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First she applied to be an Uber driver, then she became a CEO

George McEnroe first applied to be an Uber driver. Now she's the CEO of multimillion-dollar women's-only ridesharing business. Source: Shebah

Newly-divorced and raising four kids, George McEncroe needed a new job - so she turned to Uber. Now, she’s the CEO of multimillion-dollar women’s-only rideshare service, Shebah. 

Shebah works like Uber, but with women-only drivers and women-and-children-only passengers. And passengers are able to book cars equipped with child seats, for drivers to pick up children from school or daycare and transport them safely to their parents or guardians. 

And while McEncroe admits it is groundbreaking, she doesn’t think it should be. In fact, she believes that thinking of services from a woman’s perspective should be key. 

“What about all those women in my position who are newly-divorced, had no super, had raised kids and been in and out of jobs...and are looking at poverty at the age of 50?” McEncroe told Yahoo Finance.

As a former radio host, McEncroe also wondered about women who had to seek flexible work in order to look after children and parents

“I was broadcasting on the ABC, and I would receive text messages from the school telling me to come pick my child up. No, I’m on radio - I can’t. 

“So, it was this need - who looks after people when women can’t? There’s got to be a service that can transport children.”

While Shebah works like any ride-sharing app, Shebah drivers also have Working With Children checks, which enables them to go into childcare centres and schools and pick up children for parents who pre-book the service. 

The unspoken problem in the ride-sharing industry

Before she was a CEO, McEncroe herself applied to be a driver at Uber, but something stopped her - twice. 

“I registered twice, and twice I just felt like it was just such a risky thing to be doing.

“Every time I thought of myself just picking up drunk men, I thought as a driver, I’d feel really anxious about it.”

It was then McEncroe realised there was an ‘unspoken problem’ in the driving industry.

“Why are only 6 per cent of taxi drivers women? Why are only 10 per cent of rideshare drivers women?”

And while gender inequality was a big issue in the driving industry, sexual harassment was huge, McEncroe said.

“Why is it seen as accepted behaviour that asking a woman for sex or hitting on a woman in a car when she’s had too much to drink is okay, or a perk of the job?”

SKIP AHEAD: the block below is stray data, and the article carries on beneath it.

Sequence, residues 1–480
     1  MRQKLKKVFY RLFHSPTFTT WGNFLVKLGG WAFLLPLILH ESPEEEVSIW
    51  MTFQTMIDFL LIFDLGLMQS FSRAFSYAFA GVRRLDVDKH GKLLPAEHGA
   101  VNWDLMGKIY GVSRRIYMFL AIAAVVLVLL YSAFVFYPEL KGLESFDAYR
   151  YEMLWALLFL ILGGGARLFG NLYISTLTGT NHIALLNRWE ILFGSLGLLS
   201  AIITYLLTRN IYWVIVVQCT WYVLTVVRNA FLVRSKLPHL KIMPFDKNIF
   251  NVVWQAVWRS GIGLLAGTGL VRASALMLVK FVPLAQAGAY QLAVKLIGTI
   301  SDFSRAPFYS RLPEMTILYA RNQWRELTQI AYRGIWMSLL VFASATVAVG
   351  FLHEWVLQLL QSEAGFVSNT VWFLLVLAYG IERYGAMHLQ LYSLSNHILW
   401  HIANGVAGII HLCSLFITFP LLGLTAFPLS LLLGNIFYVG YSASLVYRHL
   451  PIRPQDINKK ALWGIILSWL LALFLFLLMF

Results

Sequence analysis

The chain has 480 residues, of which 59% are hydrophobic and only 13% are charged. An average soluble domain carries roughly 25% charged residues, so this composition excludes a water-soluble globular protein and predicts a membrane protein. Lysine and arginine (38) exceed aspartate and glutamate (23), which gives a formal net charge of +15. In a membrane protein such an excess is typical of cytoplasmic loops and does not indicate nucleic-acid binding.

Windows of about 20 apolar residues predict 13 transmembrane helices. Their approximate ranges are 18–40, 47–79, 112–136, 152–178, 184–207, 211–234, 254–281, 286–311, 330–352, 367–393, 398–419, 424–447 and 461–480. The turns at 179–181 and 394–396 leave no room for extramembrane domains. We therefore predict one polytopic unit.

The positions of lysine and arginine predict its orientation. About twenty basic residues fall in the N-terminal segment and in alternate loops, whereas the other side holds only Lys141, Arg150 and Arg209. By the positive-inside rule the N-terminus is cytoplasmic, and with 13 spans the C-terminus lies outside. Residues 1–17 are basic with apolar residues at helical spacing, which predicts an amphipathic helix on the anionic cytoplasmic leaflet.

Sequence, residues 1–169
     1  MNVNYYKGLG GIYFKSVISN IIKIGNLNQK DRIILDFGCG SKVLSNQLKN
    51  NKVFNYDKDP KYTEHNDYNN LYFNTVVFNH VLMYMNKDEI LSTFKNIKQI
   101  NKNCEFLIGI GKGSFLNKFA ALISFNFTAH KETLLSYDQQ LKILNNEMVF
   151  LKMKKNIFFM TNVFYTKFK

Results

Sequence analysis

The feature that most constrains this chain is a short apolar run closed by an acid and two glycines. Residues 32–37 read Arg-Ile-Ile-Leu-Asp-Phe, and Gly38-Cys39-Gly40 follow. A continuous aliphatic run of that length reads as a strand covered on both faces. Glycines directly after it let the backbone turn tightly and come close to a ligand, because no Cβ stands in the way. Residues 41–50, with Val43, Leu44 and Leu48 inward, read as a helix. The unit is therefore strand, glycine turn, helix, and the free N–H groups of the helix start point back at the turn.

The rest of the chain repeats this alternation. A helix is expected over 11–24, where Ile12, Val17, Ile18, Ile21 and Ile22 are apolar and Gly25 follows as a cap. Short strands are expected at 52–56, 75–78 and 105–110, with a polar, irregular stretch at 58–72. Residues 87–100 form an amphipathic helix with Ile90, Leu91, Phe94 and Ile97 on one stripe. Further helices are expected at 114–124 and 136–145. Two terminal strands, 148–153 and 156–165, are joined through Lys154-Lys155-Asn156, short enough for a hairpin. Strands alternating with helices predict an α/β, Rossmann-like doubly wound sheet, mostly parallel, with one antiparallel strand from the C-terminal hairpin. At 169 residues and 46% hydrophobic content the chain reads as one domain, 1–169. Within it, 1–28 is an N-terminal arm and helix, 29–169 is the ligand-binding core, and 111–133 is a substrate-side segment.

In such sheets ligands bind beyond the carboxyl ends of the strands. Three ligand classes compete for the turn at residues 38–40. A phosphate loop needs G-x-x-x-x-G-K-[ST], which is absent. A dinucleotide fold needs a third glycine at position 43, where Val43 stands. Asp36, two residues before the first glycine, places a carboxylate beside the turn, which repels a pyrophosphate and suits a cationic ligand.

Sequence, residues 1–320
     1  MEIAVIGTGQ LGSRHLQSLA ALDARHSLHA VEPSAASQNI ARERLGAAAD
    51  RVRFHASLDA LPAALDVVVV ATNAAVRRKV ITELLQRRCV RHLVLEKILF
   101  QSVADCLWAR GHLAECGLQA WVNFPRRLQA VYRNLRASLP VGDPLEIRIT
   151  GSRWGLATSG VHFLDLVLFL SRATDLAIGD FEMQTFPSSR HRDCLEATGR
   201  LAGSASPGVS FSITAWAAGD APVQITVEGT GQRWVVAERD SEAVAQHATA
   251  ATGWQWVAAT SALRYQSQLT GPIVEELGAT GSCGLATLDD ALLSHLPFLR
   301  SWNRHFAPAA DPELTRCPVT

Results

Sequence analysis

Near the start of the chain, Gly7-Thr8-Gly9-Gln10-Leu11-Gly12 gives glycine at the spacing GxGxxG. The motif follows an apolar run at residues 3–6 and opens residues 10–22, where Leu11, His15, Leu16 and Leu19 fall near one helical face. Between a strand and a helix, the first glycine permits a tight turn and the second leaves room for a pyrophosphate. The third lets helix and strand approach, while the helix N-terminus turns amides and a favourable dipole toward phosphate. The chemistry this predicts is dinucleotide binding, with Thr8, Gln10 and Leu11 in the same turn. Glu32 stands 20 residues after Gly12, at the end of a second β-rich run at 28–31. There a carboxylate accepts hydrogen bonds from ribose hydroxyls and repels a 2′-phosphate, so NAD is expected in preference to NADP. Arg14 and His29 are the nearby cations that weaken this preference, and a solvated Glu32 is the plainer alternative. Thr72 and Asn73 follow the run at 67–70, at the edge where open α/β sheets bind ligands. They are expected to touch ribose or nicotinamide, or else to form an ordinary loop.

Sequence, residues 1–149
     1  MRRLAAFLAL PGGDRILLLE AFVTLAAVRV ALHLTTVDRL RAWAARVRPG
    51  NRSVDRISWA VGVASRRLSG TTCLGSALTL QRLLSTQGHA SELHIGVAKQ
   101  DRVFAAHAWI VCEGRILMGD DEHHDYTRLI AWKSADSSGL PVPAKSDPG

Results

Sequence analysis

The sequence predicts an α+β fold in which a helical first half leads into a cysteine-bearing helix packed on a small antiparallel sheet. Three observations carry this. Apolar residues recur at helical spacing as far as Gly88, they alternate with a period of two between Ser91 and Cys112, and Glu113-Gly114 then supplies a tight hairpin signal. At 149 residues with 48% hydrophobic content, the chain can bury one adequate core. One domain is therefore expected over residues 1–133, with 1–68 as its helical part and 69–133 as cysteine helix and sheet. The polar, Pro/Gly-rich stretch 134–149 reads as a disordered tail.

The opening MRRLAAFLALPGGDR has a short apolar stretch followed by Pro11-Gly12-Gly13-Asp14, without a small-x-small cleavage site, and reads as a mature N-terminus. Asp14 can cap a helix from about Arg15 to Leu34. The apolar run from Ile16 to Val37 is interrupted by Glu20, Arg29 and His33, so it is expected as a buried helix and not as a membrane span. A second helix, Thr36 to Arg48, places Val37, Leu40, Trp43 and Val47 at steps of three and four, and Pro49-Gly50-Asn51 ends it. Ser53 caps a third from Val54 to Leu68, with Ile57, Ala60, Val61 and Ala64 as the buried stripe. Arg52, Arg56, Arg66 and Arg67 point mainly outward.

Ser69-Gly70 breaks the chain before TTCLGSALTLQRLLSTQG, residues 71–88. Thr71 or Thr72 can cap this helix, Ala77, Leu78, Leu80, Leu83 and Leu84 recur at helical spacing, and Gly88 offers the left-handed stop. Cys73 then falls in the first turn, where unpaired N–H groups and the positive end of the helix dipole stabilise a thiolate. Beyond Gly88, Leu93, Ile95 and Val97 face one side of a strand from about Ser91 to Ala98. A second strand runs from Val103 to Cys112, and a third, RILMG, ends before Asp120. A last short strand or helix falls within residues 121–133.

This led McEncroe to “be the change you want to see in the world,” and start a GoFundMe page, which caught the eye of an investor. 

Together they formed ‘Mum’s Taxi,’ but a dream led McEncroe to change the name to Shebah. 

“I studied her in theology classes and philosophy, and you know, she's kind of like the Beyonce of the Bible. She was a single mum, she was rocking, and she went and challenged the wisdom of King Solomon. So, she was kind of the original disrupter.”

From GoFundMe to $3 million campaign

Despite trending in the App store and a booming business, McEncroe admitted it wasn’t easy to get people on board initially. 

“It was a bit tricky,” she said. “People were like, ‘Oh we don’t get it, I’m not sure. Do women really need this service?”

But her first crowd-funding campaign on Birchal raised $3 million - and broke an Australian record. Now, a few days into her second round of crowd-funding, Shebah has raised a further $417,000. 

It’s better business for drivers - and passengers

It wasn’t just investors who liked the idea - drivers loved it too. 

“I always wanted our drivers to be shareholders, and we’re a very egalitarian business. If we change policy, we survey our drivers first and see what they think about things. We try and engage them as much as possible, because we want them to stay with us.”

Drivers get an 85 per cent cut of each ride, which is larger than Uber and Ola provide.

“We don’t spend a lot of money hiring new drivers, because we don’t have a huge driver churn. Our drivers stay because they know we’re in it for the long haul, and that makes a big difference.”

On top of that, drivers have Working With Children checks, which enables them to go into childcare centres and schools and pick up children. 

And the cost is competitive with Uber, McEncroe stated. 

“It’s less than a cab, but it’s not a race to the bottom for our drivers,” she said.

“We’ve never had anyone complain about costs.”

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